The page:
Germanic mythology

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Thor or Donar, god of thunder, one of the major figures in Germanic mythology.

Germanic mythology is the myths associated with historical Germanic paganism, including Norse mythology, Anglo-Saxon mythology, Continental Germanic mythology, and other versions of the mythologies of the Germanic people. Germanic mythology ultimately derives from Indo-European mythology, also known as Indo-Germanic mythology.

Religion[edit]

The Germanic people had a religion similar to the Norse, before the conversion to Christianity. The culture of Germanic people extended from the Black Sea to Greenland and even to parts of North America . The religion in Scandinavia also known as the Norse religion is the only place where the Germanic religion stayed for a lot longer. [1]

The culture of the Germanic tribes was different from other contemporary cultures such as the Greeks or Romans. For example, in the second century B.C., Strabo describes how the Cimbri sacrificed roman prisoners. Also, as early as the first century, the German tribes, had a written script, it was a runic script. Runes have magical as well as sacral significance.

Most civilizations like the Empire of Rome viewed the Germanic religion as barbaric. This opinion projected onto the Germanic people as a whole as well. Even though they were fairly intelligent. The Roman perception of the Germanic peoples may have stemmed from Caesar's lack of knowledge about the German religion.

Goths were the first of the Germanic people to have become Christians. The Goths came across the Baltic Sea from Sweden and migrated to an area near the Black Sea. These peoples had traditions that had to do with sacrifices. Most sacrifices were made of humans, but there were animal sacrifices as well.

Dragons[edit]

Siegfried Slaying Fafnir

The Black Worm is a myth about a dragon that had so much gold that he could not wrap his body all the way around it. A man exploited this weakness when the worm was sleeping. He moved on to the mound through the opening and stuffed his pockets. The man got greedy and yelled for his female companion to come and get some more gold. The shouting woke the dragon scaring the man and he dropped his gold and ran. The Black Worm vanished sinking into the ground with the treasure.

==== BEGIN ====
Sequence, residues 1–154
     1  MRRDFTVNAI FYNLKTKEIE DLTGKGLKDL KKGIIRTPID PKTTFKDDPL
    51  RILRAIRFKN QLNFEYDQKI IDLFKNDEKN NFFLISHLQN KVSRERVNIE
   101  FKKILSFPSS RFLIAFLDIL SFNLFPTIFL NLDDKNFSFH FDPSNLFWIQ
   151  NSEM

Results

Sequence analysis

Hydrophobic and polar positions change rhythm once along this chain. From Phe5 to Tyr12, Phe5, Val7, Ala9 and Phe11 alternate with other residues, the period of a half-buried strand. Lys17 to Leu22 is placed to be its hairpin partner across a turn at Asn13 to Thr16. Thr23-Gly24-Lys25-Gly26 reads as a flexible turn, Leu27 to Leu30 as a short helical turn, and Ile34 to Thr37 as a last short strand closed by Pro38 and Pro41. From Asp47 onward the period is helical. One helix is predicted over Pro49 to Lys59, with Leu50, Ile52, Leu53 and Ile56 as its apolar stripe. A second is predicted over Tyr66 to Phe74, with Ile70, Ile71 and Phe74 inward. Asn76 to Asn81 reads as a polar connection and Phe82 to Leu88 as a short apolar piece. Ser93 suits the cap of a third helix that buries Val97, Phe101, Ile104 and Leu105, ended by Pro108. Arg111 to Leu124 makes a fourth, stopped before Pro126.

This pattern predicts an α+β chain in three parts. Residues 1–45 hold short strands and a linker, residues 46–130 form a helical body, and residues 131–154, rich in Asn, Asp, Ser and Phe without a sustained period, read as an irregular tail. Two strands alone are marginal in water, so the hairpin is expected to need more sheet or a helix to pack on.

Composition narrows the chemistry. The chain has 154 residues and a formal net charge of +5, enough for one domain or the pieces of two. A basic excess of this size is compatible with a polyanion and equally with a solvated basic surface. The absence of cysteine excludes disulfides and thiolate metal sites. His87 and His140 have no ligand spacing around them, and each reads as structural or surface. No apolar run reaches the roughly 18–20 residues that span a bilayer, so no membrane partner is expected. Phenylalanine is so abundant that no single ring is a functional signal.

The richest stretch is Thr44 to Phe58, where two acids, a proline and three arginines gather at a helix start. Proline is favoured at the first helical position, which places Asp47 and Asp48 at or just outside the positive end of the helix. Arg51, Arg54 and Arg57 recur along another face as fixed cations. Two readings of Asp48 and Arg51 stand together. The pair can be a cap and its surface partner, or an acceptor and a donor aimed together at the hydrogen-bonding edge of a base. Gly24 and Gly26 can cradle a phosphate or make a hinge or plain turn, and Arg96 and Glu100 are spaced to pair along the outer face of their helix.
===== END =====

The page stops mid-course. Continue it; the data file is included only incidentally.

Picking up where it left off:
Fafnir and Siegfried is a story about dragons in German mythology. Fafnir was a giant who killed his father for his treasure. Fafnir then turned himself into a dragon. His hoard of treasure with gold rings and magic helms is said to bring wealth and immortality to anyone who owned them.

Siegfried was born to Sieglinde who was lost in the woods and rescued by the dwarf, Regin. Regin became Siegfried’s tutor. Regin was fixing a broken sword that belonged to Siegfried’s father, Wotan the most powerful of gods. Regin taught Siegfried the trade of making magic items and fixing them.

Siegfried wanted to fight the dragon Fafnir. Regin told Siegfried that the broken sword belonged to his father and is named Nothung. Siegfried then took the hammer and fixed the sword that was broken. Siegfried then went out to find the dragon. After his horse would not go any farther he went back to get Regin and the sword.

The two of them then dug a pit in the middle of the path. They then hid in the pit. When Fafnir moved over the pit Siegfried stabbed him and continued attacking but did nothing against the armored skin. The dragon then breathed fire killing the horse and Regin. Siegfried begged the gods to help him, lightning leapt from the sword knocking Fafnir down. Siegfred moved in for a final blow and the dragon never moved again.

Siegfried then thanked the gods and kissed his sword that had dragon blood on it. After this he could understand birds. He bathed in the blood of the dragon to become impossible to wound, all save for the place that the leaf had fallen on his back. Siegfried took the magic helmet and the ring. Then he asked the birds the best way to get out of the dragons land.[2]

Gods[edit]

Most of the gods in Germanic Mythology are the same as the ones in Norse Mythology.[3]

Odin also known as Wotan in Germanic lore, Odin is also known as the all father and the husband of Friggia. He is the god of storms, hunting, poetry, berserker fury, and incantations.

Thor also known as Donar in Germanic lore, the son of the all father, Odin. With his hammer Mjollnir he fights against the giants.

Freya is the golden haired female goddess of beauty and love.

Freyr is the lord of elves who is married to a giant named Gerd. He is the god of peace, lusty pleasure, and good crops.

Frigga is the all mother and wife of Odin or Wotan. She is the Goddess of peacemaking, weaving the threads of cosmic order, and holding and keeping political and domestic power.

See also[edit]

Resources[edit]

References[edit]

  1. ^ Chalquist. (n.d.). Norse and German Mythology. Retrieved March 18, 2015, from http://www.terrapsych.com/gods2.html
  2. ^ German Dragon Myths. (2003, October 7). Retrieved March 18, 2015, from http://www.leadingtonearts.com/4.Outreach/research/res.dragon/GrmD.html
  3. ^ Turville-Petre. (2014, March 19). Germanic religion and mythology. Retrieved March 18, 2015, from http://www.britannica.com/EBchecked/topic/231102/Germanic-religion-and-mythology